As we’ve previously discussed on Bits & Pieces, the DIY Maker Movement has used Atmel-powered 3D printers like MakerBot and RepRap for some time now, but it is quite clear that 3D printing recently entered a new and important stage in a number of spaces including the medical sphere, architectural arena, science lab and even on the battlefield.
Yes, the US Army Research Laboratory (ARL) and Purdue University are currently examining the possibility of deploying 3D printers in combat zones which would be tasked with instantly fixing or replacing damaged equipment (including aircraft and ground vehicles), all while significantly cutting down on logistical costs.
According to Ed Habtour, a research engineer with ARL’s Vehicle Technology Directorate at Aberdeen Proving Ground, scientists have found that combining the general purpose, finite-element analysis software ABAQUS with Python helps improves energy absorption and dissipation, productivity and lower maintenance costs.
“The combination of ABAQUS and Python provides an automated process for auto-generation of the geometries, models, materials assignments and code execution,” Habtour explained. “The soldier can print [3D] structures in the field using additive manufacturing by simply downloading the model generated by the designer/vendor.”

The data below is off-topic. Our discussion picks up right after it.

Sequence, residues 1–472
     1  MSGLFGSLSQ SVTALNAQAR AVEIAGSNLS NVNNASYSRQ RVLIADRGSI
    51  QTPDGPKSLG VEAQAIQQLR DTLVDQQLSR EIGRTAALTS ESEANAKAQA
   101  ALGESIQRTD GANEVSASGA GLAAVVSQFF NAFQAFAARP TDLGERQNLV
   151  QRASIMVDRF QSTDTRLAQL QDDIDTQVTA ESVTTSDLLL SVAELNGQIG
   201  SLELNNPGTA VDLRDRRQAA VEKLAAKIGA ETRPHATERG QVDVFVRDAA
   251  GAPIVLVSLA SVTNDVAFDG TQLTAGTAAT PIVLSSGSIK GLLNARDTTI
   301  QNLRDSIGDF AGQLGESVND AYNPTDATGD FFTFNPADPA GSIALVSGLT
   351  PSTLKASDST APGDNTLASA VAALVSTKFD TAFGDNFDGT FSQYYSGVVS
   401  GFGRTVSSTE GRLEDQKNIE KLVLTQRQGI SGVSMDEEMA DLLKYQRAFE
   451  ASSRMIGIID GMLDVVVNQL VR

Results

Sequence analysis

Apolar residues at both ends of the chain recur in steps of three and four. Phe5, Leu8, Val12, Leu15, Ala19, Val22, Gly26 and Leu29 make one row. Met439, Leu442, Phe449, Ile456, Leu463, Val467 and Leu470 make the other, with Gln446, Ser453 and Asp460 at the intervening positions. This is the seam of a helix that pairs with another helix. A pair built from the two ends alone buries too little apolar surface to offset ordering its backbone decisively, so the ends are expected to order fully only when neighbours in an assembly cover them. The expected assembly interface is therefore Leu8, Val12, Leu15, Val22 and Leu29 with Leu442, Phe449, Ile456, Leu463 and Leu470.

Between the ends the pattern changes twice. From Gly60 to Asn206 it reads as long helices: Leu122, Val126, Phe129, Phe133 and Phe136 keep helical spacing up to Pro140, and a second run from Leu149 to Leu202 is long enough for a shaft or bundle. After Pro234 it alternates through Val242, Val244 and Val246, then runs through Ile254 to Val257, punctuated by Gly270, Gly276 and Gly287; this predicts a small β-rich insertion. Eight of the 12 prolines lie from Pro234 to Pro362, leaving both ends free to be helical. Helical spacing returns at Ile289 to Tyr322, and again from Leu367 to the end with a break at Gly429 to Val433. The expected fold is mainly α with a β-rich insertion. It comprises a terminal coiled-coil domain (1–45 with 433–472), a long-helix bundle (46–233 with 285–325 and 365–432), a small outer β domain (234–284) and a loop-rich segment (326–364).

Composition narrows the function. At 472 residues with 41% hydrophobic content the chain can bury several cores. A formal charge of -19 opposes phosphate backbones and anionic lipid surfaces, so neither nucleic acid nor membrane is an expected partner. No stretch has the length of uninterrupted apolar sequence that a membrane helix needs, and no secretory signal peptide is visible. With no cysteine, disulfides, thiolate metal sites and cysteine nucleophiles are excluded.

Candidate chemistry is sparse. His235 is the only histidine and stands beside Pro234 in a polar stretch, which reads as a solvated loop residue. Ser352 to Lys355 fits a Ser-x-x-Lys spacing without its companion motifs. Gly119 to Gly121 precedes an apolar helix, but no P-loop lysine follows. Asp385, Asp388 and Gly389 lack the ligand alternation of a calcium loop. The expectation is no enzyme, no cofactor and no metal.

Habtour also noted that new structures created from this process are designed to be adaptive and configurable to the harsh conditions like random and harmonic vibrations, thermal loads, repetitive shocks due to road bumps, crash and acoustic attenuation. Plus, the structures can be configured to prevent crack propagation.
“Sometime in the near future, soldiers would be able to fabricate and repair these segmented structures very easily in the front lines or Forward Operating Bases (FOBs), so instead of moving damaged ground or air vehicles to a main base camp for repair, an in-field repair approach would essentially mean vehicles would be fixed and accessible to warfighters much faster at lower costs,” he addedr. “We want to change the conventional thinking by taking advantage of exciting materials and manipulating the structure based on the principle of segmentation and assembly.”